I appeared to have uncovered a worrying level of brand cybersquatting of one of the UK's most recognised high street chains.
It all came about following a visit to a Bristol branch of the Costa Coffee this afternoon which led to this blog post. As is usual nowadays I turned to Twitter to see if the company has a presence. It took me seconds to find @CostaCoffee and @Costa_Coffee_UK. The first was registered in October 2008 and has made one tweet. It is followed by over 1,000 people and is included on 37 Twitter lists. The latter has many less followers but has been much more active in its tweeting. Here are a selection, two of which are pretty shocking:
A company spokesperson has confirmed to me that both accounts are unofficial. Why on earth are they still online then?! The @CostaCoffee account was registered nearly two years ago and the potentially brand damaging comments about "slave grown" bananas and drug-laden coffee beans were posted around two months ago!
If my message to the spokesperson is the first time the company has heard about these accounts it is a pretty shocking state of affairs. All I did to find the accounts was type 'Costa Coffee Twitter' into Google. No sophisticated brand monitoring tools required! Despite being a consumer-facing brand with branches across the UK, this is one company that clearly has a lot to learn about the new world of social media!
It turns out the spokesperson I spoke to who works for an external agency can't definitely confirm the status of the two accounts. He has told me to get in touch with the internal Costa Coffee press office. I have.
UPDATED (13:35 25/05/10)
I've just clicked on @Costa_Coffee_UK and guess what happens?
So it appears Costa Coffee has finally recognised it is victim of brand hijacking! Was it because of my blog post? Possibily. I can't say whether it definitely is because Costa's press office still hasn't got in touch with me to discuss the issue. I will keep trying.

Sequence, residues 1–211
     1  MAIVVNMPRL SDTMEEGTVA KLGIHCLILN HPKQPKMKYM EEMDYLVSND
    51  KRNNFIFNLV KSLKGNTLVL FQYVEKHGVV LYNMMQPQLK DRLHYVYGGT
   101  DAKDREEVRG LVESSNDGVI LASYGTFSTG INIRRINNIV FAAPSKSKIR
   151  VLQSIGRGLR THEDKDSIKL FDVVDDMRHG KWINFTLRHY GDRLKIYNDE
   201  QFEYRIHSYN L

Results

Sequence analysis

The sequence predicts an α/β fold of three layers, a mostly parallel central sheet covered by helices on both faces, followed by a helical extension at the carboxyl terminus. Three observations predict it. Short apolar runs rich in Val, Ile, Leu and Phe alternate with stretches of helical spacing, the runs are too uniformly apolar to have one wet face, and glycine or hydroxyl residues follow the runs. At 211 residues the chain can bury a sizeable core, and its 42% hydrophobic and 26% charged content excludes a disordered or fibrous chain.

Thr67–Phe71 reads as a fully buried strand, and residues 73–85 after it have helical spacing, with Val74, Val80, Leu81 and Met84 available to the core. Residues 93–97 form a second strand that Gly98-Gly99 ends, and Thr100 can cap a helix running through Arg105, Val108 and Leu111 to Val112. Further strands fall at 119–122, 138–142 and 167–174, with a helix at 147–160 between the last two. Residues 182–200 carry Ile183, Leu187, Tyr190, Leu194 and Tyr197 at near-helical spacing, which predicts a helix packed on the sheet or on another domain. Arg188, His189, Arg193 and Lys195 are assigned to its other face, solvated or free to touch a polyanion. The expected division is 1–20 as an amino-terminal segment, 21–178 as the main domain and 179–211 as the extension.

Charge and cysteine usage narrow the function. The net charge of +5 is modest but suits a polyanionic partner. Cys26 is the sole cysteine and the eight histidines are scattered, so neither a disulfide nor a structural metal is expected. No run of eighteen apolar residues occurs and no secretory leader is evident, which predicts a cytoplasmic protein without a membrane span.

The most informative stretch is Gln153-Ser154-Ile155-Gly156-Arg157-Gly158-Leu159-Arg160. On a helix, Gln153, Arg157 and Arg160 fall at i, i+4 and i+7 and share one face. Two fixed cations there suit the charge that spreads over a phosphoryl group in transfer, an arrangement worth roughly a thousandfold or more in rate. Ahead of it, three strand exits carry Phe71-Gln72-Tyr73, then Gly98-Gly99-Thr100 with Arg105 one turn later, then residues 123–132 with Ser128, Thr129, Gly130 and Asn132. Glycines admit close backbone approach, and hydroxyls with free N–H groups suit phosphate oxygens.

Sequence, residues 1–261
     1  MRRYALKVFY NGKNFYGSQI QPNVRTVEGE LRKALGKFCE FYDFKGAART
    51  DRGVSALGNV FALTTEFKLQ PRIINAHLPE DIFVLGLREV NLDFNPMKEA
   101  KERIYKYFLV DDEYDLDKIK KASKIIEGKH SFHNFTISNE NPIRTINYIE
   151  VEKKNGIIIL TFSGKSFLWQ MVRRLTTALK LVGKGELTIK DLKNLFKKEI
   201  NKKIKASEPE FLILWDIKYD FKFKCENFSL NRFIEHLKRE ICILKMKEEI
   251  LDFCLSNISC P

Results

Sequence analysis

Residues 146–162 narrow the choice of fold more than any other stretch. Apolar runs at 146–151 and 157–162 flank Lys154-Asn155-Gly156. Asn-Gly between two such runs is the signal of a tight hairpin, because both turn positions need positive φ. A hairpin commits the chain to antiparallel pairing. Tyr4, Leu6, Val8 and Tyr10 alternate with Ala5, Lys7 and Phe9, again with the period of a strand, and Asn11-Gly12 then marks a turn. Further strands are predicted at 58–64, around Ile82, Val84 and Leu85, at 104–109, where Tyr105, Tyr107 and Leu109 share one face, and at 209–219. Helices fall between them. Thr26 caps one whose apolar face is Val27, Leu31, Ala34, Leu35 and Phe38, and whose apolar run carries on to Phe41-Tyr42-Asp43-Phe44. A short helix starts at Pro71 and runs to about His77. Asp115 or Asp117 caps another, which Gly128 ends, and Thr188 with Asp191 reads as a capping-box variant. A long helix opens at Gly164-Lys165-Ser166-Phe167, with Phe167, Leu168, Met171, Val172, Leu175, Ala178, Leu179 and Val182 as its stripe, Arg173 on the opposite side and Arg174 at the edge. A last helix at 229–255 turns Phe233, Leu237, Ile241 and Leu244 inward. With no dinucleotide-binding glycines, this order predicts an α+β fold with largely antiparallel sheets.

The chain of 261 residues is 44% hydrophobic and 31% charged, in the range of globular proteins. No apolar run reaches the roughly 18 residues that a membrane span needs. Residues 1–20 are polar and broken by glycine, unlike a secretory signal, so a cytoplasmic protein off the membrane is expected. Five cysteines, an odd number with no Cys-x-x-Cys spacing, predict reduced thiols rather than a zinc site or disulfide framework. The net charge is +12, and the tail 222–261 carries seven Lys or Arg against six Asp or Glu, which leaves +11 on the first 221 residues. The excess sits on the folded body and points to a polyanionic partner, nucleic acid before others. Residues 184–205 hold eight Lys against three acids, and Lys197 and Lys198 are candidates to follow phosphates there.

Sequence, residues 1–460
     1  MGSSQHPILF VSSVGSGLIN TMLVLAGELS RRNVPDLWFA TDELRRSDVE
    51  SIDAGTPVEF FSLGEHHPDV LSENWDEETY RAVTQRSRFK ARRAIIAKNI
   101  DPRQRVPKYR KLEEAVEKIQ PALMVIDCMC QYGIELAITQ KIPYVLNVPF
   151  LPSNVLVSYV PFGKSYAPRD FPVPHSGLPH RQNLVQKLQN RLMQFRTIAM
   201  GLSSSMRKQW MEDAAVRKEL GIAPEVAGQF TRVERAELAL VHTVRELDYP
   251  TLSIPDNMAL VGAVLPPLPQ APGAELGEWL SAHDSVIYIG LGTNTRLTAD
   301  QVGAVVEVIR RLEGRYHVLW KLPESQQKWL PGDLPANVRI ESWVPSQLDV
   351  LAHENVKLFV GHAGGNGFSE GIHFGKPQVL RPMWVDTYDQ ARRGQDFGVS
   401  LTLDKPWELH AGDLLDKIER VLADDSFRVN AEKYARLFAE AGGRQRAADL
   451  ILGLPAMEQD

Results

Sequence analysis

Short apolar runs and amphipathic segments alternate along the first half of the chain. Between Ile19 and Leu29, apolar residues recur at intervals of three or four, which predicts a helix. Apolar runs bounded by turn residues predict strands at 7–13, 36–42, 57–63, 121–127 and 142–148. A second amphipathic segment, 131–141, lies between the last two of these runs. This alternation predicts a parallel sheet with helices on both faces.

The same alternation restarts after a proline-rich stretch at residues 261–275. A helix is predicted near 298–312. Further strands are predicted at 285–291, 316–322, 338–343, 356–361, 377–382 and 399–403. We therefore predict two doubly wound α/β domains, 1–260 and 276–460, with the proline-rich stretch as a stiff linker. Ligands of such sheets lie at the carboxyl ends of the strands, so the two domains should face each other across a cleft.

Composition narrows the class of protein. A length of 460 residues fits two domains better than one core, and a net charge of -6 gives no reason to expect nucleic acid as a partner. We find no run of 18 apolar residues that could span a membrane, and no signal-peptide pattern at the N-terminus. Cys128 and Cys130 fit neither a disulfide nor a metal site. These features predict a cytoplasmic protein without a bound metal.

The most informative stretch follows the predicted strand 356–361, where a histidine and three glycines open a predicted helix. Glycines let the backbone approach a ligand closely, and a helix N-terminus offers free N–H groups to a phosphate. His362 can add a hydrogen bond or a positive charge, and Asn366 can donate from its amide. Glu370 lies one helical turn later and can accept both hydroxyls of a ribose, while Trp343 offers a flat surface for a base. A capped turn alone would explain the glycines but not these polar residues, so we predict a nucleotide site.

About Dan Martin
Dan Martin has 10 years experience as a journalist writing about entrepreneurs and the issues that affect them.
After three years working as a researcher for Sky News, he joined BusinessEurope.com as a reporter. This was followed by two years working as news editor for Startups.co.uk during which time Dan also contributed to Growing Business magazine. In 2006, he joined Sift Media as business editor before being promoted to editor of BusinessZone.co.uk. He also has responsibility for UK Business Forums, the UK’s most active online forums for small business entrepreneurs. In addition, Dan founded The Pitch, BusinessZone.co.uk's nationwide competition for small business owners. He host the grand finals in 2009 and 2010 in front of an audience of 300.
As well as interviewing many entrepreneurs, Dan has written content for leading business organisations such as the Department for Business, Enterprise and Regulatory Reform, British Chambers of Commerce, Forum of Private Business, Investors in People and Business Link for London. Among the publications that have quoted Dan are The Times, Mail On Sunday, Financial Times, Personnel Today and Bristol Evening Post. His articles have also been published by publications including eGov Monitor, Virgin Express in-flight magazine and Personal Success.
Dan regularly speaks at events about small business and social media issues. Among the events he has presented at are the National Federation of Enterprise Agencies' annual conference, Learning Technologies, Publishing Expo and World of Learning. He has also chaired high profile debates featuring senior representatives from Business Link and the Federation of Small Businesses and Dragons' Den judge James Caan.
Dan was named the 10th most influential political blogger on Twitter by the Independent and won the public award for best B2B tweeter at the Golden Twits 2010. He also organised the Bristol Twestival, part of a global Twitter driven charity initiative, in February 2009 and March 2010. Volunteers from 175 cities around the world organised events using the social network. In total, $350,000 was raised for charity: water in 2009 and $500,000 for Concern in 2010. In Bristol, £1,500 and £5,600 was raised.